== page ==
Category Archives: marketing

Stephen King — On Writing

Without electricity after Hurricane Irma, I read the two library books I had in two days. The library wasn’t open so I perused my shelves for books to read. I went through a few books I hadn’t read, some I’d bought from authors and some people had given to me. One that I read many years ago and remembered liking was Stephen King’s On Writing. I may have gotten more out of it this time around.

The book is a combination of memoir and advice about writing. The first section, “C.V.,” is a condensed life story as it relates to being a writer—an interesting story in itself. The second section, “On Writing,” is all about the art and craft. He starts by giving us the Great Commandment, “read a lot, write a lot.”

King lists four levels of writers—bad writers, competent writers, good writers, and geniuses—and believes there is no way to make a competent writer from a bad one or to turn a good writer into a great one, but a competent writer can become a good writer. This requires a toolbox: the fundamentals (vocabulary, grammar, and elements of style) and a second level (hard work, dedication, and timely help). He also emphasizes rewriting and editing. Two of his rules:  “Omit needless words” and “2nd draft = 1st Draft – 10%.”

You’ve probably heard of the two types of writers—“plotters” who plan their books in advance and “pantsters” who write by the seat of their pants. Stephen King is the later and so am I. He claims he never plots a book. I like King’s ideas about writing is that they coincide with my own. And what he produces is very good storytelling.

The third section of the book, “On Living,” is back to memoir. He talks about his accident (he was hit by a car), recovery, and return to writing. This is followed by “And Further More, Part I and Part II.” Part I is about editing and Part II is a book list. And I forgot to mention the three forwards in the beginning of the book.

I enjoyed the first reading and again the second time around.

On Writing and Selling Books.

I love to write a new story. I don’t even mind going back and editing a few times or formatting and designing covers for publishing. I even do that for other people. But I don’t like marketing. I like doing a website or two (another thing I do for other authors), sending out a few emails, doing book signings here and there, but I don’t like selling myself and my writing.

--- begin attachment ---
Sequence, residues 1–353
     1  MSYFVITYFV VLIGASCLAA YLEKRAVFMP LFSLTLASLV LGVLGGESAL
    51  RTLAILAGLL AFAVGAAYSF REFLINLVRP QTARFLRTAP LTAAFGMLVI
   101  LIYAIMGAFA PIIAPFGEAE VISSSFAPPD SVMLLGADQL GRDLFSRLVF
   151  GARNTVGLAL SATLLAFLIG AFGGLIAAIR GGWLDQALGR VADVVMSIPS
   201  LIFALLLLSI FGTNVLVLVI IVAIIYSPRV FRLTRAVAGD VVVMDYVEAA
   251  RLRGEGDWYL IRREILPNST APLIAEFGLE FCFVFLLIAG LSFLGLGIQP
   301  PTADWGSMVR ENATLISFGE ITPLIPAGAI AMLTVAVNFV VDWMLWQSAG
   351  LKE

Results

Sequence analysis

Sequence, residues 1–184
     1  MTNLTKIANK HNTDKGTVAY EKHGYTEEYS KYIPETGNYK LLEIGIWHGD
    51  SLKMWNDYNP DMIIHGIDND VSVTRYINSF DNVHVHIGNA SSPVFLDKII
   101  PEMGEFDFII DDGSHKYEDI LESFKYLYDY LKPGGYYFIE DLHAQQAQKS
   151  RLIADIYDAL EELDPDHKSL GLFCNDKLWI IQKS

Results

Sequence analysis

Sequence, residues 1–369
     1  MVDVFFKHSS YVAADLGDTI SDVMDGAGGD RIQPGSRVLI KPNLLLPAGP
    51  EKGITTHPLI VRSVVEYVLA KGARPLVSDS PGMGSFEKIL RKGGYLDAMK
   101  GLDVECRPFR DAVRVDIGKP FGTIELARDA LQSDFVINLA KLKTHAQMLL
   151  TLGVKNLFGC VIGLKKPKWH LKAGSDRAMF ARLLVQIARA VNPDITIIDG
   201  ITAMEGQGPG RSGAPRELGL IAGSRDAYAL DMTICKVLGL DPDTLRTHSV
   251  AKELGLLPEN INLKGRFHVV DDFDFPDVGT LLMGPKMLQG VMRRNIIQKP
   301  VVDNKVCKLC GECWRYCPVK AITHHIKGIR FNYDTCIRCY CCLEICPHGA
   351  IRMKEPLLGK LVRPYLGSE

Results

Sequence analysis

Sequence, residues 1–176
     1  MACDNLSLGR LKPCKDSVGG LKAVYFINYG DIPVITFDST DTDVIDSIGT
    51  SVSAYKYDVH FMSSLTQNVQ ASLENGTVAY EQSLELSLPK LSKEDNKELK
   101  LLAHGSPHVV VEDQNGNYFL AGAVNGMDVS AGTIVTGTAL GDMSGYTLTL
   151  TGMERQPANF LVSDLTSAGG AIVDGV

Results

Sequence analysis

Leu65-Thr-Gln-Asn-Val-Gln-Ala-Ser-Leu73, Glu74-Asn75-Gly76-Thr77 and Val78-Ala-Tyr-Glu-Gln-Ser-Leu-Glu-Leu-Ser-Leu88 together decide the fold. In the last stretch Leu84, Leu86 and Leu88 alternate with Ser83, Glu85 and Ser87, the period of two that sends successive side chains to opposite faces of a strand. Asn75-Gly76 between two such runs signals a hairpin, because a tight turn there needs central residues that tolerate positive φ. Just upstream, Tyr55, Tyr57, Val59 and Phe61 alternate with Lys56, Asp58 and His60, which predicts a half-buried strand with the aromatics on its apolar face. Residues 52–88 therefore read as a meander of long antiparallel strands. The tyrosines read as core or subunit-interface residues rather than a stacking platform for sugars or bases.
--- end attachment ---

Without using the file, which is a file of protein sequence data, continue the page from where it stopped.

The book I just published in June, Mangrove Madness, has been hanging around for years waiting on an agent and a couple of publishers to make up their minds about publishing. It might have gone through if I was better at selling. But instead, I got tired of waiting for something to happen, took it back, and published it myself.

It’s a mystery to me what sells a book to a major publisher or what makes it into a bestselling novel. I just finished reading (or partially finished) a book by a New York Times bestselling author. Within the first few chapters I had figured out who committed the murder the female PI was investigating. Plus, I knew she was going to lose her boyfriend because she was being so stupid and not listening to what he was saying. I checked the end of the book to see that I was right then put the book aside. How and why does something like that sell?

I know people who write much better novels who are self-publishing and selling very little. But the business of writing and the business of marketing are two very separate things. Most of my friends who write are not expert marketers. A few can do both. I guess I need to learn marketing or hire someone who is good at it.

Wish me luck with marketing my new book.